Amnesty demands Israel release terrorist

Amnesty International says Israel should charge or release PFLP terrorist Bilal Kayed, who is on a hunger strike.

Elad Benari, Canada ,

Prison (illustration)
Prison (illustration)
Flash 90

Amnesty International on Friday demanded that Israel either charge or release Bilal Kayed, a member of the Popular Front for the Liberation of Palestine (PFLP) terrorist group who is on a hunger strike in protest of his administrative detention.

"The Israeli authorities must release Kayed, or, if they have evidence that he has committed a crime, then he should be promptly charged with a recognizable criminal offense,” the group said in a statement quoted by AFP.

ayed, 35, a resident of Asira a-Smaliya village north of Shechem, was arrested during the Second Intifada in 2002 and convicted of security crimes, including terror attacks and attempted terror attacks, and was sentenced to 14 and-a-half years in prison.

Last June, Kayed finished serving serving his prison sentence, but has since been held under administrative detention, in accordance with an order from the military court for a six-month detention. He then began his hunger strike.

He was moved from prison to the Barzilai Hospital in the southern Israeli city of Ashkelon after his health deteriorated.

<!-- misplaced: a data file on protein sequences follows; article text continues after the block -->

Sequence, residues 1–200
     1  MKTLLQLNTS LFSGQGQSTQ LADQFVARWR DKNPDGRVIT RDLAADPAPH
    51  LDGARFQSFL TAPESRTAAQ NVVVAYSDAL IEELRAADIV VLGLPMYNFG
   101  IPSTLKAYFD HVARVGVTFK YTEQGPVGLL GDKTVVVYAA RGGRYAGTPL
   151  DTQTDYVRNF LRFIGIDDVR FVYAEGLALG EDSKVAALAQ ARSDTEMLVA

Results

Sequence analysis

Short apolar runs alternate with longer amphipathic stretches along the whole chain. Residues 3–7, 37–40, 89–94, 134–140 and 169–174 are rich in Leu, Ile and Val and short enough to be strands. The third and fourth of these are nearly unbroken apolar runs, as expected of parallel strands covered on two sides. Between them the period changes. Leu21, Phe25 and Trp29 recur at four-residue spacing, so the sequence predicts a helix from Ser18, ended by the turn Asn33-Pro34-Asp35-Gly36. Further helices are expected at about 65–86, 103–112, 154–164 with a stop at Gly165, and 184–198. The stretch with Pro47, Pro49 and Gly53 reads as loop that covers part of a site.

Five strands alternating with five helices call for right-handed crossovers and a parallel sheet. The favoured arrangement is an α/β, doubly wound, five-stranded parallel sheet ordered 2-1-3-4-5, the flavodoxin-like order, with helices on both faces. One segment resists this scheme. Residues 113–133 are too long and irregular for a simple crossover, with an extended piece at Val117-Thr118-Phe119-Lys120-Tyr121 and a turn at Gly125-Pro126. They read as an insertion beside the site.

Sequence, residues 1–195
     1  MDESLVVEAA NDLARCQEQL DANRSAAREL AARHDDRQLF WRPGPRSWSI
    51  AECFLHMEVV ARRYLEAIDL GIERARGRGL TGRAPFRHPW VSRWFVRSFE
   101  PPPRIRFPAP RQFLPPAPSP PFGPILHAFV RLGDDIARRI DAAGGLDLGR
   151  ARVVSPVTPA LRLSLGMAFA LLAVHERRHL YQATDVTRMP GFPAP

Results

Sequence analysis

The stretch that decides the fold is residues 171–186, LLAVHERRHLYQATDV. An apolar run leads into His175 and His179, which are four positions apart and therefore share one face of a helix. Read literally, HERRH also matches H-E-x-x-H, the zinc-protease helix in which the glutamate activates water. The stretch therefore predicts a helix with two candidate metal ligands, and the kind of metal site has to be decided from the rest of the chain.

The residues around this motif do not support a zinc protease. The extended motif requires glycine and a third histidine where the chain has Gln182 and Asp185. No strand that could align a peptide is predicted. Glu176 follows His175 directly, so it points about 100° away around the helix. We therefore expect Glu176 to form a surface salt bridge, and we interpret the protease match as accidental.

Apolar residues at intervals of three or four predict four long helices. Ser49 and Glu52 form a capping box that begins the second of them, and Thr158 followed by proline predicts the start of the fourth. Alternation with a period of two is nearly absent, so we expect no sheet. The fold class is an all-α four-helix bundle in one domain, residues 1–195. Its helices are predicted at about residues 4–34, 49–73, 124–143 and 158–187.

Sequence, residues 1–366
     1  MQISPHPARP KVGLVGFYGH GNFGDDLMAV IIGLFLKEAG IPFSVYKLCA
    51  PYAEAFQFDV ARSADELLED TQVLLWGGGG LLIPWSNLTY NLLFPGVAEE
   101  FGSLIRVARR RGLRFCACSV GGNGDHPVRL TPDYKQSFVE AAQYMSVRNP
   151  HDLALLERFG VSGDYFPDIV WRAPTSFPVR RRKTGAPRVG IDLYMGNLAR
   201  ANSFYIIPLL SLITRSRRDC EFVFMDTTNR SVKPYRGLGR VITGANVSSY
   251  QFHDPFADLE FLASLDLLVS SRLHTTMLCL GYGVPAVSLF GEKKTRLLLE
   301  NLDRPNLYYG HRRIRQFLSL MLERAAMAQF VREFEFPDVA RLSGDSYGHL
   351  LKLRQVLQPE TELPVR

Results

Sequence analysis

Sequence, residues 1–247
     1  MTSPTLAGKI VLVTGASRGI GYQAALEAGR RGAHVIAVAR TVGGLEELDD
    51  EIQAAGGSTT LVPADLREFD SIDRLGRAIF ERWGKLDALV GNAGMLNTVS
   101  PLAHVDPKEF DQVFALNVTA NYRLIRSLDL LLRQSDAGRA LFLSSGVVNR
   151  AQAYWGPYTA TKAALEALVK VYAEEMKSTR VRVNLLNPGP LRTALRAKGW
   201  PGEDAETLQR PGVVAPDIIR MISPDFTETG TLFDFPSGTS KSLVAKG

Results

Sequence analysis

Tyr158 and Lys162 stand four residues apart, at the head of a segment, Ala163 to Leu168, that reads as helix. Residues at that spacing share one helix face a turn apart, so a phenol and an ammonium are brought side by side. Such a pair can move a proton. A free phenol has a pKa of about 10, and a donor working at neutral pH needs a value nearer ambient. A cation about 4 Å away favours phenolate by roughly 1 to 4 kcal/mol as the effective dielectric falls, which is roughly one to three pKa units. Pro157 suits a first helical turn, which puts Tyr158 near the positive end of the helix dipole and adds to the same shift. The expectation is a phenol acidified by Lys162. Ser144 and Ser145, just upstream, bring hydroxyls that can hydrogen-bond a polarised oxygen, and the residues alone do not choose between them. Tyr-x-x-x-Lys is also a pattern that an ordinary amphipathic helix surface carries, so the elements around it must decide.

Earlier on Friday, a court in Be'er Sheva rejected a petition on behalf of Kayed, which asked the court to cancel an order to handcuff Kayed to his hospital bed, and to allow him medical treatment from an outside source.

Palestinian Authority officials say Kayed's health is deteriorating and that he suffers, among other things, from failed vision, difficulty standing and kidney problems.

Kayed has set “non-negotiable” preconditions for stopping his hunger strike, informing Israeli authorities he will agree to resume eating if his administrative detention ends after four months and his relatives are allowed to visit him in prison.

Jailed terrorists have repeatedly used hunger strikes as a pressure tactic aimed at forcing Israel to release them out of fear for their lives. Israel has several times in the past caved to the pressure and released some hunger strikers.

(Arutz Sheva’s North American desk is keeping you updated until the start of Shabbat in New York. The time posted automatically on all Arutz Sheva articles, however, is Israeli time.)